Monday, September 17, 2012

Using Religious Ceremonies as Outreach Tools – Part One

Historically, church buildings have often been the center for religious ceremonies in the communities they served. Religious ceremonies include weddings, funerals, child dedications, baptisms, baccalaureate programs, Christmas Eve services, and other similar events. Small churches have historically hosted such events for the entire community, not just for the members of the church. There might have been limits to the types of ceremonies that each church was willing to sponsor, but in general, most community religious ceremonies occurred inside a church building.

As communities have become more secular, fewer people are coming to church than in the past. Some churches inadvertently contribute to the trend of people falling away from the church by enacting strict rules about who can participate in religious ceremonies that are held in their buildings. Such churches often fail to realize that many secular people, especially those from a postmodern perspective, still desire to take part in religious ceremonies even though they seem more distant from God than ever before. 

Though this may seem strange from an anthropological perspective, from a spiritual perspective, it makes perfect sense if we look at it from a theological perspective. God has designed us as spiritual beings made in His image. Romans 8:29-30 says: For those He foreknew He also predestined to be conformed to the image of His Son, so that He would be the firstborn among many brothers. And those He predestined, He also called; and those He called, He also justified; and those He justified, He also glorified (NIV). This passage indicates that God knew who would respond to the gospel, and He has called those people to Himself.  Therefore, it makes sense that even though some people may have a secular worldview, if God is calling them to salvation, there will be a God-initiated desire in them for a relationship with God even though they are not yet Christians. Their interest in religious ceremonies is one piece of evidence that God is calling them to Himself.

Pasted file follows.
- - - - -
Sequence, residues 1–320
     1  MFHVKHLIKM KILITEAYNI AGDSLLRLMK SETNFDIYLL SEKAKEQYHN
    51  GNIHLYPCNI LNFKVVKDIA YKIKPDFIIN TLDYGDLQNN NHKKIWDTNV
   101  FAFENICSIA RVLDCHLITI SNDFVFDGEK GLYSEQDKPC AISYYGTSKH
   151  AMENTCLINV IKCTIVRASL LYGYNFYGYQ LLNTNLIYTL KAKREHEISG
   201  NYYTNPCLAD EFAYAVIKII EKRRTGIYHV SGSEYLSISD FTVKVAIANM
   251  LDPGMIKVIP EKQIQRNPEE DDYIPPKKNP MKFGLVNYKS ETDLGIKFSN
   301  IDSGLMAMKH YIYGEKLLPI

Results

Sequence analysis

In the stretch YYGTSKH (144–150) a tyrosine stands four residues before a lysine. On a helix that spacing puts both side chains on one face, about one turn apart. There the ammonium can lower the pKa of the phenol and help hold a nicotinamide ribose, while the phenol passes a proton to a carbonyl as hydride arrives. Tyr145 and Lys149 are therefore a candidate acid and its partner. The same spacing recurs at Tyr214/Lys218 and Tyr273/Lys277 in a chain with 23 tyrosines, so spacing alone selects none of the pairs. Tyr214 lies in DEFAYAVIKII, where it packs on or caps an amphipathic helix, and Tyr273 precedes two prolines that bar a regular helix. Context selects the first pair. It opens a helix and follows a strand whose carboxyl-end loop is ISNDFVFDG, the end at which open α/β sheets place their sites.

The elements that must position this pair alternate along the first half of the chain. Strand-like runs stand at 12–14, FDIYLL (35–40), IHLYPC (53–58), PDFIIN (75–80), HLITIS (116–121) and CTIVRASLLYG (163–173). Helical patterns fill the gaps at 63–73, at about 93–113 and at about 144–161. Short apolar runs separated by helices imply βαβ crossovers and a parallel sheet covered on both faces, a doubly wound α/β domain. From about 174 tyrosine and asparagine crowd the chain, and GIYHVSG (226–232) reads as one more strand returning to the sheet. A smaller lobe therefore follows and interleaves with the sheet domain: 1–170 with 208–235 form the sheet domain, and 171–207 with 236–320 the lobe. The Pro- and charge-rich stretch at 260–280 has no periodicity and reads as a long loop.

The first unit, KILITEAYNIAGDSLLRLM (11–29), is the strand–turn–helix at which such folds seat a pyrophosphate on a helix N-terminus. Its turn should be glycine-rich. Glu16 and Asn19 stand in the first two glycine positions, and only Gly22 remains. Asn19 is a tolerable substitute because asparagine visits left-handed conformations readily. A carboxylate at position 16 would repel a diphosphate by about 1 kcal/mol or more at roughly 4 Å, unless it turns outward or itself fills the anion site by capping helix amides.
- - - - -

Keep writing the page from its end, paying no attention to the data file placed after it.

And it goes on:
Healthy churches are careful not to stand in the way of what God may be doing. Church leaders would be wise to think carefully and pray earnestly about how they can engage the next generation in as many religious ceremonies as possible.

There will be limits on which religious ceremonies nonbelievers can take part in, but allowing them to take part in some ceremonies inside the church building is important. For example, an evangelical church would not allow non-Christians to be baptized, but they might allow them to have a wedding or a funeral in the church building. Likewise, an evangelical church would not want non-Christians to take communion but might allow them to dedicate their children to the Lord if they understand what they are doing. Church leaders should consider the theological implications of allowing people who are not yet Christians to participate in various ceremonies. However, leaders should keep in mind that many people will not choose to become Christians until they feel they are accepted by the group. Allowing them to take part in as many religious ceremonies as possible, without violating the church’s theological foundation, is an important aspect of helping them learn about the Lord and feel part of the group.

The above article is adapted from Terry Dorsett’s book, Mission Possible: Reaching
the Next Generation through the Small Church, published by CrossBooks.

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